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        Walking through our Southern Swamps building, you may have noticed a few changes.  For starters, some of our largest residents are missing!  Well folks, I can assure you that they are not missing but simply enjoying a relaxing retirement under the Florida sun.  Our two large American Alligators, Astro and Dino; our American Crocodile, Croc; and an education Alligator, Igor, had gotten too large for their exhibits and it was decided that they needed to be moved.  Last October, the crocodilians undertook a journey down south to St. Augustine Alligator Farm in St. Augustine, Florida to go onto exhibit with their alligators and crocodiles.  Both of the Alligators were placed into the large exhibit with several other gators and Croc received a new area to be shared with his new partner.  St. Augustine’s Alligator Farm decided the crocodile would be their new male for breeding since he was such a good looking animal!  All are reported to be doing very well and settling into their new surroundings. 
            ZooAmerica’s two remaining alligators (Victor and Zorro) from our education department were moved to exhibit in the Southern Swamps building.  The education alligators were moved because they were a bit too big for the education area and getting larger and more feisty for us to hold!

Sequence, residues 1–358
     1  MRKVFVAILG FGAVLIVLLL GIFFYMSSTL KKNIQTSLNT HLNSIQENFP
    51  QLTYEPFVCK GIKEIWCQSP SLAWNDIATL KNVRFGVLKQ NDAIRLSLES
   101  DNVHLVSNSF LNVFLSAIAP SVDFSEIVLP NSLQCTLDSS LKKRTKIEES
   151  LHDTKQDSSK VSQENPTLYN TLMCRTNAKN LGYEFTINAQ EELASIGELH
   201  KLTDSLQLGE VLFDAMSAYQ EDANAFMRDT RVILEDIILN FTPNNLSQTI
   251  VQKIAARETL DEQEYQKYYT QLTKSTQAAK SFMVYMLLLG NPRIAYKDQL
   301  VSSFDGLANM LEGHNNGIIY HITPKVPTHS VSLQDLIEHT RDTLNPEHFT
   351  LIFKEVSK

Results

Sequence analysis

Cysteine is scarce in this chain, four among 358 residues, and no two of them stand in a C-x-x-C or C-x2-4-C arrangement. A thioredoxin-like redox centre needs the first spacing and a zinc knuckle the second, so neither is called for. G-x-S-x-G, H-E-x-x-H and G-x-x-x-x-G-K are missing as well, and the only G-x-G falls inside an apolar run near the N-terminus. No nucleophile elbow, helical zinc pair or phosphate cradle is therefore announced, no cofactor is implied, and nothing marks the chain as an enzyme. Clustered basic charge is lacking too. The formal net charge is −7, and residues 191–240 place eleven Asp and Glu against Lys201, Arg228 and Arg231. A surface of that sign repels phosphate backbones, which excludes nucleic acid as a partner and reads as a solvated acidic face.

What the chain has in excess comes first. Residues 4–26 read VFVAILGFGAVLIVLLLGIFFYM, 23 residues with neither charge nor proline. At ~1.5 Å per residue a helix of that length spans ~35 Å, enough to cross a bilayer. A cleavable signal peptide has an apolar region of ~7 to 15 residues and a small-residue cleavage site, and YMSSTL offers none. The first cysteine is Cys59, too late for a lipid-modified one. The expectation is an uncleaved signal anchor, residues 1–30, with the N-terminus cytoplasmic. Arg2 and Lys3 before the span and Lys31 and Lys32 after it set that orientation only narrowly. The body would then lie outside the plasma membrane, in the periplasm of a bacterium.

While in Florida, our curator, Dale Snyder, picked up three new baby alligators for our education department. They are only 10 inches long and enjoying their new home.  All three gators are fitting in very nicely and have already been used for a few programs. We have many things planned for these new members of our education team. 

One of our newest baby alligators in their pool

            When alligators are first hatched, they are only 6 inches long and are very vulnerable.  Once emerged from their eggs, they make their way down to the water where their protective mother is waiting to scoop them up into her mouth.  The mother will protect the babies from many predators such as birds, larger fish and even other alligators.  While they grow, their diet consists of several items including small fish, insects, bits of meat and worms.  Despite being small at hatch, these ferocious little hunters grow up very quickly and are soon the kings of the swamp.  A single alligator can reach anywhere from 14 feet to 18 feet long but will never stop growing.  They can bite down with over 2,000 pounds of force! 
            So the next time you are at the zoo, be sure to check out Victor and Zorro on exhibit.  Also be on the look out for our newest alligators during our special events or anytime ZooAmerica is in your area!

(article & photograph submitted by Patrick Miller, one of our educators at ZooAmerica)